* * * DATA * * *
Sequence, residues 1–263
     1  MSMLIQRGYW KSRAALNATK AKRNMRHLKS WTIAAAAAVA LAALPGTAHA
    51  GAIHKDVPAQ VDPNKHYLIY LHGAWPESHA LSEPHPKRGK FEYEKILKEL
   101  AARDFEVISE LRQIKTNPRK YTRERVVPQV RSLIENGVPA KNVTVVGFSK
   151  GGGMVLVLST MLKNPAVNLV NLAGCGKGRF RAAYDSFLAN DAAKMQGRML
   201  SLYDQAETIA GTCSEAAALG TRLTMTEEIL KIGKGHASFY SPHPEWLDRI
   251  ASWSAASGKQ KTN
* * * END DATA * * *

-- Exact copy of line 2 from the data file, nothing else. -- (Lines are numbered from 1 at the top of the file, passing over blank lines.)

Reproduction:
     1  MSMLIQRGYW KSRAALNATK AKRNMRHLKS WTIAAAAAVA LAALPGTAHA